Or to put it in plainer language, you have to actually listen to music to know if you’ll enjoy it or not.

I also think it would be a shame and a mistake if people started to make music purchase decisions based on this information. I’m not promoting dynamic range compression, and we’d all be better off without it, just trying to avoid another unnecessary witch hunt.

VILLAGER #1: If... she.. weighs the same as a duck, she's made of wood.
BEDEMIR: And therefore--?
VILLAGER #1: A witch!

kovan yarrum's picture

Michael, you are spot on.

Sometimes how the files "look" have very correlation with how they sound. 

It can work both ways...one that looks like it has plenty of headroom may sound just ok, and one that looks like it may be clipped can sound good.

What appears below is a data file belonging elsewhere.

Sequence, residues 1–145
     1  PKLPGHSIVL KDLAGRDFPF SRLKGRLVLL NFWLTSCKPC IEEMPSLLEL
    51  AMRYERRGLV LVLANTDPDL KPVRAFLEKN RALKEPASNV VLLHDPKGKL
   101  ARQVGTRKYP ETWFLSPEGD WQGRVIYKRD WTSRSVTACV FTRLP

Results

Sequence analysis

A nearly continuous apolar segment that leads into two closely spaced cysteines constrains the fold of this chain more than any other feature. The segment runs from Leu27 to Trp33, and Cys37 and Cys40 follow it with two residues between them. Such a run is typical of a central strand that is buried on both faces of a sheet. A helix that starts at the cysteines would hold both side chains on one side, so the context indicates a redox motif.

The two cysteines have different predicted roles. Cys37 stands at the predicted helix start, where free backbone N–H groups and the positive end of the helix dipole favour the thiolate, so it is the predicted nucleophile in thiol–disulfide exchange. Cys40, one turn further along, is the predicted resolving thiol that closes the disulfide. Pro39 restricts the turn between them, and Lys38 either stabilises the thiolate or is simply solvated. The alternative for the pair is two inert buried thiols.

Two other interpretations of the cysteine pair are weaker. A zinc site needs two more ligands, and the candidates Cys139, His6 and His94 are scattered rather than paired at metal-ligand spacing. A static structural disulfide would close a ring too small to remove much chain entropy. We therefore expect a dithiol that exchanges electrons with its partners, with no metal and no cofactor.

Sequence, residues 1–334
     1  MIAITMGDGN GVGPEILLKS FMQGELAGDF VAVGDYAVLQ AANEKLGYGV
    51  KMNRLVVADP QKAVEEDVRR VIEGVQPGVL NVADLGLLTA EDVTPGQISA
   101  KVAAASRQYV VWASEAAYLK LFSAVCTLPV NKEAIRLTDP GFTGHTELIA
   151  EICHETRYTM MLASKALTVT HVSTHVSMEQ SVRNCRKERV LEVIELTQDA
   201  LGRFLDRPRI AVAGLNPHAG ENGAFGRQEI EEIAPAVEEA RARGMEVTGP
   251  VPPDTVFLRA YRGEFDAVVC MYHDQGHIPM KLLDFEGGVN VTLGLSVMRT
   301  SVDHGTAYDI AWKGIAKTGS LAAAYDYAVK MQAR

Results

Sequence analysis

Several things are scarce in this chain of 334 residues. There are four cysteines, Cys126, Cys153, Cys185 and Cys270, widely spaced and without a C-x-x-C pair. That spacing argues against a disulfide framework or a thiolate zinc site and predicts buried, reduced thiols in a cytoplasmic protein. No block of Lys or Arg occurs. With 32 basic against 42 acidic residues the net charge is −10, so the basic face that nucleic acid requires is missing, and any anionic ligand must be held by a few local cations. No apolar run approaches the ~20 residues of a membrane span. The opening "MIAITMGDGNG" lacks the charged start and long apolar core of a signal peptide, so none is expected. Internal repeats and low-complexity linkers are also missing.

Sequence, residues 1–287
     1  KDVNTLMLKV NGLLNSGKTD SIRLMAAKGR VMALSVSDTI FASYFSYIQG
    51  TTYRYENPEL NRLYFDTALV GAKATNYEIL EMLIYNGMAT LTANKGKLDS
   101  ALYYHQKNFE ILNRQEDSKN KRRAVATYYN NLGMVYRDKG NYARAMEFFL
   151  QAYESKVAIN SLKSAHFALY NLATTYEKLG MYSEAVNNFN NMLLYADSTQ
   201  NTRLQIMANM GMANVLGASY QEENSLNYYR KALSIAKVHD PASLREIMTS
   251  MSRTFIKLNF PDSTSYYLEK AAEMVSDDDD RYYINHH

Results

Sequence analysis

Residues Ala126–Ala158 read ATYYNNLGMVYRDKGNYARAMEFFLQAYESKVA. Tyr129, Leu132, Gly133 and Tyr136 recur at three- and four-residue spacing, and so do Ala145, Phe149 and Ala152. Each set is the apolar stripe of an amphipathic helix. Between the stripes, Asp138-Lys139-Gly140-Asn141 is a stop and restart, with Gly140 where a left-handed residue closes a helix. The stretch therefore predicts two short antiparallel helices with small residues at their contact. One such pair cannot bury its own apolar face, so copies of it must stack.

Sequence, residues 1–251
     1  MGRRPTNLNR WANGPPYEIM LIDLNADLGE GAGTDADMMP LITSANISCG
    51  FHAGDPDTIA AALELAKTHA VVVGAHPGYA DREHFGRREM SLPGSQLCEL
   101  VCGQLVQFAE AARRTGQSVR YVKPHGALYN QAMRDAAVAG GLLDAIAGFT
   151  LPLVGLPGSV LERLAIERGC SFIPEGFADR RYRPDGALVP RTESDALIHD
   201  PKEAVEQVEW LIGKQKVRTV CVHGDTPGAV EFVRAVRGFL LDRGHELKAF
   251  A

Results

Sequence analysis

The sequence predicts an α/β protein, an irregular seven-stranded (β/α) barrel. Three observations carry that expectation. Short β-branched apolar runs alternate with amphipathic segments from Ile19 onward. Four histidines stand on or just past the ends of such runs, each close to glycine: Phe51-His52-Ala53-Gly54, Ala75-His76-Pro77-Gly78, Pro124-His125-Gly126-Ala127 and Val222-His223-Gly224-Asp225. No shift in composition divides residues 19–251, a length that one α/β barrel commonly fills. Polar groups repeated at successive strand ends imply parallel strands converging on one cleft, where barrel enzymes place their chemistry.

I sent some Audacity screen caps of the recent Queen remasters to a friend who said they "looked" good and should sound great, when in reality they are as harsh and clipped sounding as any remastering I have had the (dis)pleasure of hearing.

Kal Rubinson's picture

Sorting was useless as there is no naming consistency.  I did sort by date and gave up looking when I found no classical in 2012, 2011 and a page or two of 2010.   I guess the problems lie elsewhere.  cool

John Atkinson's picture

...tend not to suffer from unnecessary dynamic compression, so the database's problems are less important than in rock, where too many recordings from the past 10 years have had too heavy on a hand on the "Squash-it-to death" knob.

As an example, I mentioned in my presentation on this subject at last October's AES Convention the 1932 recording of Elgar's Violin Concerto, which had greater dynamic range than almsot all modern rock recordings - see www.stereophile.com/asweseeit/177/index.html.

John Atkinson